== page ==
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SQL Server Views | Inline View Expansion Guidelines

Background

Hello all!

I recently learned that in newer versions of SQL Server, the query optimizer can “expand” a SQL view and utilize inline performance benefits. This could have some drastic effects going forward on what kinds of database objects I create and why and when I create them, depending upon when this enhanced performance is achieved and when it is not.

For instance, I would not bother creating a parameterized inline table-valued function with a start date parameter and an end date parameter for an extremely large transaction table (where performance matters greatly) when I can just make a view and slap a WHERE statement at the bottom of the calling query, something like

SELECT
     Column1
FROM vw_Simple
WHERE
     Column1 BETWEEN @SomeStartDate AND @SomeEndDate

and trust that the query optimizer will “expand” the view and give me a great execution plan.

Note: I am talking about a simple, non-nested, non-indexed SQL Server view. Something like

CREATE VIEW vw_Simple
AS
SELECT
    Column1
    ,Column2
FROM TableA

Question

My question is: what are the exact guidelines for knowing when the query optimizer can “expand” a SQL view and when it cannot?

I cannot find this answer in the official Microsoft documentation.

What I’ve found so far

Cases where the query optimizer can expand a view:

  • This Stack Exchange post claims that, in general, the query optimizer will expand a SQL view.

Cases where the query optimizer cannot expand a view:

Gray Area

  • This Stack Overflow post’s second answer claims that the query optimizer may or may not expand the view, depending on the view’s complexity and the limitations of the query optimizer.

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Answer

You will not find this information in the documentation, because it is not a single feature per se, it is simply the compiler/optimizer working its way through the query in various phases, using a number of different techniques to get the best execution plan. Sometimes it can safely push through predicates, sometimes it can’t.

Note that “expanding the view” is the wrong term here. The view is always expanded into its definition (NOEXPAND excepted). What you are referring to is called predicate pushdown.


What happens to a view during compilation?

I’ve assumed here that indexed views and NOEXPAND are not being used.

When you execute a query, the compiler starts by parsing and lexing the query into a basic execution plan. This is a very rough, unoptimized version which pretty much mirrors the query as written.

When there is a view in the query, the compiler will retrieve the view’s pre-parsed execution tree and shoves it into the execution plan, again it is a very rough draft.

With derived tables, CTEs, correlated and non-correlated subqueries, as well as inline TVFs, the same thing happens, except that parsing is needed also.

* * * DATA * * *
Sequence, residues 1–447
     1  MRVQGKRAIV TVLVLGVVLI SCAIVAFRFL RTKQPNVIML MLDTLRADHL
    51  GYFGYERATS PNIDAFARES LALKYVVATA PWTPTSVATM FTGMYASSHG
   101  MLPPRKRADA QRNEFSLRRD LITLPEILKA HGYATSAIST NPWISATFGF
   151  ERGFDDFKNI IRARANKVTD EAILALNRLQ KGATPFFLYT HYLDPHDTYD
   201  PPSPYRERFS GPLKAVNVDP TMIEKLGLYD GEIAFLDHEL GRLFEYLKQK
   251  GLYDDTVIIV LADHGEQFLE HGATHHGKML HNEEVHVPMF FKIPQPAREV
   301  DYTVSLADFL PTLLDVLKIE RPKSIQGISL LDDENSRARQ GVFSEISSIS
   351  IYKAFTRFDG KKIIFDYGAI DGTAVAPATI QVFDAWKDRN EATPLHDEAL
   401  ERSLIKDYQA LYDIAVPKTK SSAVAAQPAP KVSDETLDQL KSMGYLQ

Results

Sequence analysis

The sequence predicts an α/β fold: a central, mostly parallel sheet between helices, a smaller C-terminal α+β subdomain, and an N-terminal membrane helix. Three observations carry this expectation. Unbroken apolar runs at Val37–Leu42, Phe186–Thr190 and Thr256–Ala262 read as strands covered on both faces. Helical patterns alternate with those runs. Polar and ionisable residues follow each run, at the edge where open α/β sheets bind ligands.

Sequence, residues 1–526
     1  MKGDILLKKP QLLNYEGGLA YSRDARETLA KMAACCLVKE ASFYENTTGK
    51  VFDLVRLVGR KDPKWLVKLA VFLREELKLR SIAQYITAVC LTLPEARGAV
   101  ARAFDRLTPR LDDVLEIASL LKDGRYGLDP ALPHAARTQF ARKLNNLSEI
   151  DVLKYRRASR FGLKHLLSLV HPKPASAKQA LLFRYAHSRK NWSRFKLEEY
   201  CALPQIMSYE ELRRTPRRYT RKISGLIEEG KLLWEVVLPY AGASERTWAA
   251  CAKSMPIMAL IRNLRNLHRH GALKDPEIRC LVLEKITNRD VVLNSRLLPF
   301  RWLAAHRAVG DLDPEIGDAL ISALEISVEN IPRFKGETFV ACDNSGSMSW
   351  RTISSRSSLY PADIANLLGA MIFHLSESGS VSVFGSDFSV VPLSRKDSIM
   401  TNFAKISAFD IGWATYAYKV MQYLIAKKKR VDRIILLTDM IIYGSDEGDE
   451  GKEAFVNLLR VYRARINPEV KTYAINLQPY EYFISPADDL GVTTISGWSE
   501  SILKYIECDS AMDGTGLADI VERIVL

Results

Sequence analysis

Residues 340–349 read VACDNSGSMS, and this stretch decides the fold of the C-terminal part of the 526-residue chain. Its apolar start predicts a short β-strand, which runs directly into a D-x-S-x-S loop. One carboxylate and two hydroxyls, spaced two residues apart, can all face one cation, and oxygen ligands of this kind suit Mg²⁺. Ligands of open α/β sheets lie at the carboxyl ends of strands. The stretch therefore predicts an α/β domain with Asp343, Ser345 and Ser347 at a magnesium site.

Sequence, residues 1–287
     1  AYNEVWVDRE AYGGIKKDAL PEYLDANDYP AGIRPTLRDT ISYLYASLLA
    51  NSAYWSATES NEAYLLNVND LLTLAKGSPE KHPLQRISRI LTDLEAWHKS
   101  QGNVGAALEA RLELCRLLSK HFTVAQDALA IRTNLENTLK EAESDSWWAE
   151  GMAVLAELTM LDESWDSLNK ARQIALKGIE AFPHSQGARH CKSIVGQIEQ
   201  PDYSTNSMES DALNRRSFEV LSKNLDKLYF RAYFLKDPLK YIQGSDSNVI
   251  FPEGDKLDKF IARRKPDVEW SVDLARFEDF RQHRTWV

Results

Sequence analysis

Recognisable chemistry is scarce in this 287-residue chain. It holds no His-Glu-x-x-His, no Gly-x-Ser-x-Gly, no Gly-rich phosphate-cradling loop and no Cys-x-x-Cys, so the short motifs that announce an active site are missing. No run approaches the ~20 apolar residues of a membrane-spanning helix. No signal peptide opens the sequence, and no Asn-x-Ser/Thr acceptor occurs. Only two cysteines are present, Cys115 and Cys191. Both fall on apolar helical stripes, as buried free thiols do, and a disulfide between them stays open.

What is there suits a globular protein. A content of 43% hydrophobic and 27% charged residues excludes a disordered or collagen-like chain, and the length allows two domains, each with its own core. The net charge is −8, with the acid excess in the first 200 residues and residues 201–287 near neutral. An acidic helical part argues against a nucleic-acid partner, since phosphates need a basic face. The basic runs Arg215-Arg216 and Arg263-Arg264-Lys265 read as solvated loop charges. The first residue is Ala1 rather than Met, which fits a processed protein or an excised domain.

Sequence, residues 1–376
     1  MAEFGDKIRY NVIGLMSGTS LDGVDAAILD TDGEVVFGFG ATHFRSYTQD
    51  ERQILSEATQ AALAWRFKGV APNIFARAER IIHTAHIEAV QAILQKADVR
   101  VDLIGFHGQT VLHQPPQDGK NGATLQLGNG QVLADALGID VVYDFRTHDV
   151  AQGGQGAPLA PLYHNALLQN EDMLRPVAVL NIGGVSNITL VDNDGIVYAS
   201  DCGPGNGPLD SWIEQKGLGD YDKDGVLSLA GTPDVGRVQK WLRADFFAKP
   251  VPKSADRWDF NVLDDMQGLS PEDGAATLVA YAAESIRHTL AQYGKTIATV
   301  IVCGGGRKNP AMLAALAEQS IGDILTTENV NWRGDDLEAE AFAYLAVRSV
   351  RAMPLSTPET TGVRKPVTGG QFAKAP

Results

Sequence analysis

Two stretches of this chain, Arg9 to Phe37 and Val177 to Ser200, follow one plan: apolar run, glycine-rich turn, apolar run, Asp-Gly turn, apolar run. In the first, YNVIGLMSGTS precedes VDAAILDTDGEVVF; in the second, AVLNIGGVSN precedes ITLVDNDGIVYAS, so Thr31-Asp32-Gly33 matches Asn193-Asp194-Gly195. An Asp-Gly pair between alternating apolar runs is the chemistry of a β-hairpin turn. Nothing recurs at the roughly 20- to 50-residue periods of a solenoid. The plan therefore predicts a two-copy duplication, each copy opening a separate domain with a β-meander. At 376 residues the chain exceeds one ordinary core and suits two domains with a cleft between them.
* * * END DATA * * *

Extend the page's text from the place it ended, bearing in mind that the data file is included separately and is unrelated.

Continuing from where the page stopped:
After this point, you can assume that a view may as well have been written as a CTE, it makes no difference.

Can the optimizer push through the view?

The compiler has a number of tricks up its sleeve, and predicate pushdown is one of them, as is simplifying views.

The ability of the compiler here is mainly dependent on whether it can deduce that a simplification is permitted, not that it is possible.

For example, this query

SELECT SomeCol
FROM (
    SELECT TOP 100 PERCENT *
    FROM (
        SELECT SomeCol, OtherCol, 1 / 0 AS ThisDoesntError
        FROM table1
    ) t
    WHERE OtherCol = 1
    ORDER BY ThisDoesntError
) t
WHERE OtherCol <> 2

is fairly trivial to optimize away to this

SELECT SomeCol
FROM table1
WHERE OtherCol = 1

because TOP 100 PERCENT... ORDER BY... is known to be something that will make no difference to the outer query, and can therefore be dropped, followed by the whole ThisDoesntError column.

So when does it not work?

The problems start when the optimizer cannot push through the view, because it may change the semantics (and therefore the results) of the query.

SELECT SomeCol
FROM (
    SELECT TOP 10 *
    FROM (
        SELECT SomeCol, OtherCol, 1 / 0 AS ThisDOESError
        FROM table1
    ) t
    ORDER BY ThisDOESError
) t
WHERE OtherCol = 1

Because the TOP needs to be calculated based on the ORDER BY ThisDOESError clause, the column ThisDOESError cannot be elided, and the filter on OtherCol cannot be pushed through.

Likewise this one cannot be optimized either

SELECT SomeCol
FROM (
    SELECT SomeCol, OtherCol,
        ROW_NUMBER() OVER (PARTITION BY SomeCol ORDER BY ThirdCol) AS rn
    FROM table1
) t
WHERE rn = 1 AND OtherCol = 1

In this case, because the row-number must be calculated on the whole set, the filter OtherCol = 5 cannot be safely pushed through.


Interestingly enough, this version should be able to be safely pushed through (no promises though!)

SELECT SomeCol
FROM (
    SELECT SomeCol, OtherCol,
        ROW_NUMBER() OVER (PARTITION BY SomeCol ORDER BY ThirdCol) AS rn
    FROM table1
) t
WHERE rn = 1 AND SomeCol = 'Something'

In this case, the optimizer should in theory be able to see that the filtering column is also the partitioning column, and therefore the row-number calculation will not change.

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